A few weeks ago we made EPDs (Egg Protection Devices). We had to make our devices in the morning. Then the next day we dropped them from the roof. A lot of people’s eggs survived but mine didn’t. Allt he EPDs were unique, some people put balloons or parachutes on theirs to make them fall slower. After all our EPDs had been dropped from the roof we did writing about what happened to our EPD and what we learned that we would do differently next time. Even though my egg broke, I still had lots of fun.
On May 29 I got to my table. Me and my partner made our big Egg Protection Device. On the 30th we released it. The parachute did not work and the EPD shot down and the egg did crack. I didn’t put enough protection on it so the egg splattered. Next time I’ll build a lighter EPD container. Our group used a wetnaps container, a box, a plastic bag, two strings of yarn, tape and the egg. I though the EPD would concave.
by Prestigious Pedestrian
My egg survived! It was a true work of luck not anything else, just luck. I feel good. It felt like a dream. We survived! Victory! Other than that I had a good day just kidding it made my day! Here’s a pic on how we felt with our EPD. OF course, we didn’t know it survived yet. The egg drop was fun and fresh and it made my two days. We used mostly toilet paper and cardboard and a pasta container we thought earlier thwe cracked the egg with scissor once packing toilet paper but it survived.
On May 30th, it was when we dropped the eggs from the rooftop. When we were making the egg protection device, my partner and I used balloons, cotton balls, cup holder, plastic bags, tape and an egg. When our egg protection device got thrown to the ground it did not survive because a balloon popped and made the egg land on the side.
On May 30 we did an egg drop. Our class and two other classes participated. Everyone was in pairs unless we had extra kids, then it was three. We had about an hour to make our EPD (Egg Protection Device). Me and my partner made ours out of random items you could find in your everyday life: cotton balls, plastic cup, balloons, recipts, fabric, a band-aid and plastic bags. Sadly, ours broke but the landing was really smooth. If I had to change something I wouldn’t. I liked how it was even though it broke.
For our Egg Drop Device we used a yogurt container, which we put on the base. Next was a sour cream container. Then came two styrofoam containers. Inside was the egg, wrapped in bubble wrap and a plastic bag, then two toilet paper rolls. Attached to those were two plastic bags and a balloon which acted as a parachute. Our hypothesis was that it would survive. The suspense was killing us as the egg was about to be dropped off the roof. We waited with baited breath. It was over in a second. We unwrapped the egg and held it high. IT HAD SURVIVED!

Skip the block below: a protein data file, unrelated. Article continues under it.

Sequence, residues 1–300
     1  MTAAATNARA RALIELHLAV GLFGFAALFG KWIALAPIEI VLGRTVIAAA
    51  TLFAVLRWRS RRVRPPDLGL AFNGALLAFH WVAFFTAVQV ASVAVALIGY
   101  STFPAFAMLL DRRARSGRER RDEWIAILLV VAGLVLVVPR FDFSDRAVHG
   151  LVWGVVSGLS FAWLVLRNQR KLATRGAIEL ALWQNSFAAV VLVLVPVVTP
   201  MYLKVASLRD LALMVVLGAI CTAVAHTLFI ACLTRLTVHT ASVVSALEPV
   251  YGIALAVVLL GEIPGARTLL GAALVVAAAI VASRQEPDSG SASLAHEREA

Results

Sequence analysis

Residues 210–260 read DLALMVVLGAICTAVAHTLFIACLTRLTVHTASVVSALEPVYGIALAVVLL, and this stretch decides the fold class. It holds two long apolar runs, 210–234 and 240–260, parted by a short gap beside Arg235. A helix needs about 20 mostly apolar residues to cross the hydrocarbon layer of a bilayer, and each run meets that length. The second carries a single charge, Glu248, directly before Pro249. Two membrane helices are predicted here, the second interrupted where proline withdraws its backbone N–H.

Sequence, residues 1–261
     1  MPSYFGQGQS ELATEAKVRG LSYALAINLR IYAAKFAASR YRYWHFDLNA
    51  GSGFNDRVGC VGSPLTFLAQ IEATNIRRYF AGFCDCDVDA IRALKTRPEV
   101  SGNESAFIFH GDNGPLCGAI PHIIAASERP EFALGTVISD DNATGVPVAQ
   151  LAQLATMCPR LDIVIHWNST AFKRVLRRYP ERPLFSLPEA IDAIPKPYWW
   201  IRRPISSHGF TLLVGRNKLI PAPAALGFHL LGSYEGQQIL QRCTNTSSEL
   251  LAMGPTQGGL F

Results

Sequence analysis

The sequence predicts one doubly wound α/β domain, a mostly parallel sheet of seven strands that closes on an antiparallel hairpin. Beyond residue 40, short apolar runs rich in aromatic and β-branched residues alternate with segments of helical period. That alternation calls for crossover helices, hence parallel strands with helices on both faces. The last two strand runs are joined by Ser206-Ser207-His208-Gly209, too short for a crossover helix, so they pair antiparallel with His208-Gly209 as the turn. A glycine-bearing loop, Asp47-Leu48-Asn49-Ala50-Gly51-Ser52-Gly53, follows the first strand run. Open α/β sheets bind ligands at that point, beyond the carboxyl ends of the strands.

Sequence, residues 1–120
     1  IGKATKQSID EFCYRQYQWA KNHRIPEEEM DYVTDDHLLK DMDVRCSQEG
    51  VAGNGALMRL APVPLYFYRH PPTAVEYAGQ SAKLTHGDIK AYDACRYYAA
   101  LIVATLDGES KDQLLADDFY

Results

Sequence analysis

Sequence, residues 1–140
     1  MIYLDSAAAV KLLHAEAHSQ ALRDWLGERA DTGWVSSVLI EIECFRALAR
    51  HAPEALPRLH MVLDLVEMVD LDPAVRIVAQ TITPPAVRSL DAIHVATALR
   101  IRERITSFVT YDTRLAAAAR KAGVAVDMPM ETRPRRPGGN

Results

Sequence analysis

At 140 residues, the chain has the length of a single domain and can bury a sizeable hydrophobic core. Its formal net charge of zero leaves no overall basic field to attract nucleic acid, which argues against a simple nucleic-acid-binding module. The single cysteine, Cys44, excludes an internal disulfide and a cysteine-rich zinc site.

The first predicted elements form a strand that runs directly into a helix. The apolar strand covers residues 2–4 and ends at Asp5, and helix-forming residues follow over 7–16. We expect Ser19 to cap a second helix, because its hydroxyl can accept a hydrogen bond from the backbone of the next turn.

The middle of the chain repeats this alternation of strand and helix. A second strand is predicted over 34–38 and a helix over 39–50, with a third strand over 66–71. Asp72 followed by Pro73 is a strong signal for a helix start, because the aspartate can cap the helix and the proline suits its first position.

by ? and Unique Unicorn
Last month we did an egg drop. I (Telemon) did it iwh my partner Glorious Leader. We made an Egg Protection Device and dropped it off the rooftop garden. When my partner and I finished making our EPD I thought that our egg was going to break because it was too heavy. My partner throught that if our parachute worked as intended our egg would survive. When we built our EPD we made it out of a wagon wheel box cut in half vertically. Two plastic bags, one for bedding and the other for a parachute. For the rest of the bedding we used short strands of yarn and squares of cloth. We used metal wire to hold the parachute in place and then we added in half a walnut shell for good luck. When we dropped our EPD off of our rooftop garden, our parachute didn’t work as planned and our egg had a very hard landing. Our egg had exploded inside the box. We learned a lot, next time we do an egg drop we should have a bigger parachute and make our EPD lighter.
by Telemon and Glorious Leader
About a week ago, Karim’s class, Tami’s class and our class had an egg drop. We had an hour to make our EPD (egg protection device) and my partner and I took a little less than an hour. First we got our materials which included tape, 7 balloons, cardboard, cotton balls and some yarn. We cut up the cardboard and stuck them together with tape to make a box. We put in the egg and covered it with cotton balls then taped the top. Then we blew up the balloons, attached them to string and tied the string to the box. Our EPD was successful!
Last week we did an egg drop. My group created ours with cups, tape, plastic bags and an egg. We had a set amount of time to create our EPDs but in the end there was a high success rate. Sadly, my group’s egg broke. It broke because the parachute was blocked. It didin’t have much padding, it fell too fast and received too much shock. Next egg drop we do, I will put more padding and hope it doens’t go splat.
Our Egg Protection Device was designed to look like a woman, but despite how it looked, unfortunately had some faults in the design such as not enough protection. However, another issue that might not have made our EPD work properly was that it was thrown into the air although it was supposed to be dropped, therefore not letting the parachute work properly and letting it land on its side (ouch!) We used ripped up magazine and bubble wrap whcih may have worked, but not in the design we used. We also had a parachute made out of plastic bags. Overall, while it would have won “best dressed EPD award”, we could have used a better, more compact design.
by Bookexplorer125 and Grass